Penney Profits Fall 36 Percent:
According to the cookie-cutter emporium
for the mediocre, J.C. Penny sales were hurt
by cutbacks in consumer spending (they forecast
further sales declines).
According to reports, “Sales and
profits have been battered as its middle-class
shoppers tighten discretionary spending
in favor of necessities, squeezed by rising
fuel and food prices, declining home values
and a credit crunch.
Last week, Penney said July sales at stores
open a least a year fell a deeper-than-expected
“In this difficult consumer environment,
we have continued to focus on tightly controlling
all aspects of our business,” said
the CEO Myron E. Ullman III.
The company tried to protect margins with
tighter inventory controls, and said comparable
store inventory levels at the end of the
second quarter were lower than a year ago.
Sales of women’s apparel and shoes
were stronger than other items, while sales
of home goods and jewelry were the weakest.
I guess this was bound to happen. With
an apple costing $1.25 and gasoline burning
up paychecks all over the US, it was bound
to happen. Perhaps stores need to do more
for customers - like serve lunch or give
yoga classes in the athletic departments.
That way the consumer has a real reason
to leave home. Plus it’s hip to offer
the consumer a bit of his or her lifestyle
while on the run.
SIMONE MIRMAN PASSED AWAY:
Simone Mirman, milliner to the
last generation of Englishwomen, including
Queen Elizabeth has died. She was 96.
"I only make hats," Mirman said.
But she did more than that: she offered
women reassurance about their appearance.
Born Simone Parmentier in Paris, she served
her apprenticeship with Parisian milliner
Rose Valois at a time when there were almost
as many hat shops as cafes in the French
capital. She then joined the atelier of
the couturiere Elsa Schiaparelli, and learned
to make hats that flattered the wearer.
In 1937 she eloped to London with Serge
Mirman, whom she married two years later.
Neither spoke English, but she soon headed
the hat department of Schiaparelli's shop
in Mayfair. With the outbreak of World War
II, Schiaparelli closed down, but bequeathed
Mirman her list of customers. She and Serge
lived in a Paddington attic, which they
turned into a salon during the day because
wartime clothing coupons were not needed
In 1947, her customers followed her to
better premises near Hyde Park, and five
years later to Belgravia, where she ran
a salon for almost 30 years.
The Mirmans re-established old connections
with Paris, and with its new fashion wonder,
Christian Dior, for whom she made hats,
while Serge was licensed to sell Dior's
branded accessories, especially nylon stockings.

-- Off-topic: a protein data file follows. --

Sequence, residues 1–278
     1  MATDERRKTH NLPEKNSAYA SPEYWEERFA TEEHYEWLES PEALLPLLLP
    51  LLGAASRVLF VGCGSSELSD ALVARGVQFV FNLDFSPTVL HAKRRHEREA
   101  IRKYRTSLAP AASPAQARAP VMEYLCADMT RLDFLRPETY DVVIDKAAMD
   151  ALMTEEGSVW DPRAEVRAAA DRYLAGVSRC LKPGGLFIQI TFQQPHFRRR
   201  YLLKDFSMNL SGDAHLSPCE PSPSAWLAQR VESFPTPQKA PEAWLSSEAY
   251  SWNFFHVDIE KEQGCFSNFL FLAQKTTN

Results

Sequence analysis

She also worked for Norman Hartnell, couturier
by appointment to the royal family, who
bought hats from London's premier milliner,
But in 1952, after Princess Margaret reportedly
thought Thaarup's prices too high, Mirman
was invited to show her wares at Buckingham
The royals began to patronize her, and
the Queen and the Queen Mother later granted
her their warrants. All three royals wanted
different personal styles: the Queen Mother
harked back to the aureolate hats of her
youth, wide-brimmed and cargoed with frail
flowers and feathers; Princess Margaret
wore whatever was most modish; once Princess
Elizabeth was crowned Queen, she chose her
headgear to please the camera — brims,
if any, turned back to reveal her face,
crowns all-encompassing to hold her set
hair safe beneath, clear colors to match
Hartnell's ensembles, and unusual materials
to stress her non-mundane presence.
Mirman's most remembered creation was
a dramatic Tudor headdress for the Prince
of Wales in 1969.
Mirman stayed fashionable into the 1970s,
making fun versions of the mid-1960s brimless
helmets appliquéd in plastic "jewels",
and a cap with a PVC visor like a welder's
After the hat business dwindled, she worked
with daughter, Sophie, selling leather accessories
and hats. She retired to France in 1990,
where she painted until her eyesight failed.
Serge died in 1980. Sophie, who founded
the Sock Shop chain and the children's shop
Trotters, survives her.
MADONNA KICKS OFF “STICKY
AND SWEET” TOUR IN THE UK WITH THE
HAT AS A SIDE KICK:
Amid a four-act show at Cardiff's
Millennium Stadium, a video interlude carried
images of destruction, global warming, Zimbabwe's
authoritarian President Robert Mugabe —
and U.S. Senator John McCain. Another sequence,
shown later, pictured slain Beatle John
Lennon, followed by climate activist Al
Gore, Mahatma Gandhi and finally McCain's
Democratic rival Barack Obama.
The rest of the show had the usual Madonna
fixtures: sequins, fishnets, and bondage-style
outfits drawn from the 3,500 items of clothing
reportedly whipped together by 36 designers
specifically for the tour.
Dancers sauntered across stage in top hats
and tail coats, and Madonna tried her hand
at break-dancing and pole-dancing.
Some 40,000 fans — many in pink
cowboy hats and boas — were treated
to a heavy metal version of "Borderline,"
while "La Isla Bonita" served
as backdrop for a flamenco routine. The
show, billed as a musical mishmash of "gangsta
pimp," Romanian folk, rave, and dance
— was an homage to Madonna's reinventions
over the past three decades.
"Sticky and Sweet" goes to London's
Wembley Stadium on Sept. 11 and Paris on
Sept. 20. From there, it goes to North America
and wraps up Dec. 18th in Sao Paulo, Brazil.